We now return to KITT-FM, where it's all kittens, all the time. And now, broadcasting live from our studios in Purrbank, Cat-ifornia - heeeeere's your hostess, Mother Catresa!
As a journalist, I learn so much about the world and its people - and, alas, about myself - through the stories I write. Since I write a lot of human-interest features about relationship issues, I often conduct interviews where I can honestly say, "Yeah, really. I hear you, sister! Don't you hate it when that happens? I know, guys like that are schmucks, aren't they?"
(Yes, there's a feline angle to this post; I'm getting there. Promise!)
Recently, I wrote a story about a topic on which I am passionate: the importance of apologizing sincerely and effectively, and how to teach your children how to do this, so that they can have successful relationships in the future. I was interviewing an author about this topic, and we discussed the non-apology: the charming "I'm sorry you got so upset," or "I'm sorry you thought I was a jerk." (In other words, an actual blame wrapped in hot pink, fake apology tissue). I am all too familiar with it, and it's hurtful.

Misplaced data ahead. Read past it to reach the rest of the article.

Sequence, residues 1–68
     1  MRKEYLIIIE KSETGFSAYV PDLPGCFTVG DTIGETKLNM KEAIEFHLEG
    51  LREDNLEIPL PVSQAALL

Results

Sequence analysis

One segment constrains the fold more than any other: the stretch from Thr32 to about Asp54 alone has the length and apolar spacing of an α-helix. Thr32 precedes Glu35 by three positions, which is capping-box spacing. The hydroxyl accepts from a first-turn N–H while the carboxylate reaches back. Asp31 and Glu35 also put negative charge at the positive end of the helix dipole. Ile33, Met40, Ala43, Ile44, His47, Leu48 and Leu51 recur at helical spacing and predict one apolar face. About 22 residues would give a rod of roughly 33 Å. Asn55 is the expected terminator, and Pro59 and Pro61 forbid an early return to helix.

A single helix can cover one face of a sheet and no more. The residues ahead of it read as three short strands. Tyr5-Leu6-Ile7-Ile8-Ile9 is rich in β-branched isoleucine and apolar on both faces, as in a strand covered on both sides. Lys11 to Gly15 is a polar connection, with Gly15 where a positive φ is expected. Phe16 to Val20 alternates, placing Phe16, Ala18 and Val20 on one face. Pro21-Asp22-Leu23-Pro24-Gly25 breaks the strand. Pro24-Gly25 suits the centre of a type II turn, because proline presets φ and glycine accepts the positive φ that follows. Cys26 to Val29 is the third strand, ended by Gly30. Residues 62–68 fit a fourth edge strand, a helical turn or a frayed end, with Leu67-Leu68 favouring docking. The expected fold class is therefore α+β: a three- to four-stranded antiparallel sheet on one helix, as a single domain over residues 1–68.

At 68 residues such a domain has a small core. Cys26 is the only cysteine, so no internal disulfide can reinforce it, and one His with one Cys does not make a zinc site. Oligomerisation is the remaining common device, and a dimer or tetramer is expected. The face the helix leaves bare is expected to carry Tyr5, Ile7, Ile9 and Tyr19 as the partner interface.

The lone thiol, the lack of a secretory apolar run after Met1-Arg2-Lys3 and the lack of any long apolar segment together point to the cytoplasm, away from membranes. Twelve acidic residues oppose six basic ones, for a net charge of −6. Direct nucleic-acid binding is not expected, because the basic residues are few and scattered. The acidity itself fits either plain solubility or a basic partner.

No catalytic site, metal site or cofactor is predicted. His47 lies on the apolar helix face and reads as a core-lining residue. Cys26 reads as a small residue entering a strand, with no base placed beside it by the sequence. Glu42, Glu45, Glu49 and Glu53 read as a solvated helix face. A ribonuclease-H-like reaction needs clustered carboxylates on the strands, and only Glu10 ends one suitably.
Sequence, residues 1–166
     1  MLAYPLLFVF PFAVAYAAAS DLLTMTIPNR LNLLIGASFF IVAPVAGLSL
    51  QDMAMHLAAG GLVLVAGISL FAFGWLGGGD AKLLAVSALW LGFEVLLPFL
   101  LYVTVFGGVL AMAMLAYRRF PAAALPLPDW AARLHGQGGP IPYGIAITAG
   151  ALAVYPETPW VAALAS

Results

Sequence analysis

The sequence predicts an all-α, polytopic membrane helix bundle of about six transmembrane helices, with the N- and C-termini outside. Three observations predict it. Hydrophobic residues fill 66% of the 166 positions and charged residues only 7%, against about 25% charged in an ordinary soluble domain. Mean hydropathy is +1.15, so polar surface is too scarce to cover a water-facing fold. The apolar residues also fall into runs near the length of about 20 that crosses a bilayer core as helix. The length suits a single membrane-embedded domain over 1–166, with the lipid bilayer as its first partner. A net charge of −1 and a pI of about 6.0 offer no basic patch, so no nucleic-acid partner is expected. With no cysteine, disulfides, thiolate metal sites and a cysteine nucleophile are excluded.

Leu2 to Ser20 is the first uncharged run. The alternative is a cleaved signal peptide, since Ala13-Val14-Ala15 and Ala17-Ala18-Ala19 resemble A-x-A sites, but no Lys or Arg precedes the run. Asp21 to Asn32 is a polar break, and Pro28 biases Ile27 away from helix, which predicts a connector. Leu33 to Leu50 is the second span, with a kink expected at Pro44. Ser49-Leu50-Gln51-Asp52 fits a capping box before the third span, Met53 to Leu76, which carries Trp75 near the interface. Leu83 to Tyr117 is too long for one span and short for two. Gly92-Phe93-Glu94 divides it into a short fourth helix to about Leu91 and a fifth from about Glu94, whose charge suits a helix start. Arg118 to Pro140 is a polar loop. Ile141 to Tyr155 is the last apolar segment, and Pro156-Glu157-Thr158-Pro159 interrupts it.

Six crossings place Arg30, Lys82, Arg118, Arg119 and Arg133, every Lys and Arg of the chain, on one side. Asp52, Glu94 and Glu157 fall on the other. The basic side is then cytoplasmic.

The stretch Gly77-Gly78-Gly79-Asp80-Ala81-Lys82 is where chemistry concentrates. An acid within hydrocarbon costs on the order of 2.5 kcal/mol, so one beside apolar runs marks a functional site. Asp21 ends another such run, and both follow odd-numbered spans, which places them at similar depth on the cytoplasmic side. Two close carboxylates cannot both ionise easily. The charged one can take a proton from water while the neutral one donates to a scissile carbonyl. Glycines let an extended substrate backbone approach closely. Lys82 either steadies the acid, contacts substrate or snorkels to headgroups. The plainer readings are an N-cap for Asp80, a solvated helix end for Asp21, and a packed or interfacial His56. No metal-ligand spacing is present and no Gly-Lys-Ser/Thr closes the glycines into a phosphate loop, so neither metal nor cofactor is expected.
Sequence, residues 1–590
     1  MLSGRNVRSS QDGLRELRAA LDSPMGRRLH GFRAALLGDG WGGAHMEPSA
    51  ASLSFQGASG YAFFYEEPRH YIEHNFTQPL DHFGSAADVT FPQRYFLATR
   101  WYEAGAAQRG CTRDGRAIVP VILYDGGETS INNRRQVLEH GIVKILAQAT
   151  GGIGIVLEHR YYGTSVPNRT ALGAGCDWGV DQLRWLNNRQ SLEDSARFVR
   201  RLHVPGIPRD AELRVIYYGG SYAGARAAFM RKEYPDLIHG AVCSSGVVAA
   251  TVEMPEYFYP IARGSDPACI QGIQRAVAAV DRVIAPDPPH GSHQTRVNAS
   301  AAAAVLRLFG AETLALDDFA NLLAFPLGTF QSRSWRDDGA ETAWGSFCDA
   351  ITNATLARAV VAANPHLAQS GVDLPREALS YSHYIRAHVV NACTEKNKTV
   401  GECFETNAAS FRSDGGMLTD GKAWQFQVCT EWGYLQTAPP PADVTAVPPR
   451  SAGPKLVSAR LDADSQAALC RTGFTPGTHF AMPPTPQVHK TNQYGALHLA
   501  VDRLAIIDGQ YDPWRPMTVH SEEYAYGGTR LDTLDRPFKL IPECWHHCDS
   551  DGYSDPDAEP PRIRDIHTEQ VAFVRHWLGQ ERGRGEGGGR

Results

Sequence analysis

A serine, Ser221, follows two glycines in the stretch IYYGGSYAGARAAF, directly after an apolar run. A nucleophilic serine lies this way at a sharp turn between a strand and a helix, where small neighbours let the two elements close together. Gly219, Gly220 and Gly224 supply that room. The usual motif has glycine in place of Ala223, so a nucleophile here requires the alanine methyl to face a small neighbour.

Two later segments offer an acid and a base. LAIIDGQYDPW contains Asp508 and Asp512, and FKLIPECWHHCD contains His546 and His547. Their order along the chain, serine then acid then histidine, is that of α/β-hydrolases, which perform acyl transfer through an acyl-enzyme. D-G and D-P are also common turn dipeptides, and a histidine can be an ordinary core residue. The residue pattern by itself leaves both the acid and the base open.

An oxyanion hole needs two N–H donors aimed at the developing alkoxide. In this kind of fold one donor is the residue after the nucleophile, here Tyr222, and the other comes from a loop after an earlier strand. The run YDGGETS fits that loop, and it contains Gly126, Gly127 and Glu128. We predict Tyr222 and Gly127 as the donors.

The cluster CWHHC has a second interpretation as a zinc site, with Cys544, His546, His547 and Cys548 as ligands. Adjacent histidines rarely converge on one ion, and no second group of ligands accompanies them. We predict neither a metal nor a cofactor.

When the author gave me tips on how to model the art of apologizing with kids, one of the things he suggested was setting an example with the family pets. "What do you mean?" I said. "Well," he replied, "like when you step on the dog's paw, tell Fido, 'I'm sorry.' "
Now, I definitely could relate to that one, and I told him so: just that very morning, in fact, I had stepped on my cat Dharma's paw. And I, the noble one, apologized loudly to her as she shrieked in discomfort!
And then, as I silently patted myself on the back while talking to my subject, it dawned on me: The hypocritical Mother Catresa, ever so disdainful of non-apologies, actually gave one to Dharma!
The grey and white tuxedo cat, see, was doing the feline Figure-8 routine in the kitchen; y'all who have cats surely are familiar with it. I had stepped into the kitchen for my morning Diet Coke, and the ravenous Dharma started encircling my moving legs in Figure-8 patterns, while she meowed and demanded that I feed her breakfast. Combine a drowsy head with walking legs and marathoning paws, and what happens? You step on the poor pet's foot. Ouch!
"Oh Dharma!" I said. "I'm so sorry I hurt you! Poor baby."
And then, came the disqualifying "But":
"But, darn it, will you quit running over my feet and between my legs when I'm walking?"
The translation, let's face it, is: "I'm so sorry you got hurt, but it was your own damn fault."
It's like saying the following to the pedestrian you've just hit: "My God, I am so sorry. Really, I am. I feel horrible! But geesh, nucklehead, what the hell were you thinking running in front of a moving car doing 70 on the Pennsylvania Turnpike?"
A sincere apology, the experts say, never includes a "but."
OK, so I did it. I felt bad for hurting Dharma's paw, but I gave her a lame non-apology. I admit my error, and I am truly sorry.
But ... Dharma, quit tripping your mom-mom, already!
Until next time, I remain,
Patron Saint of Homeless Felines
(and the "smitten kitten")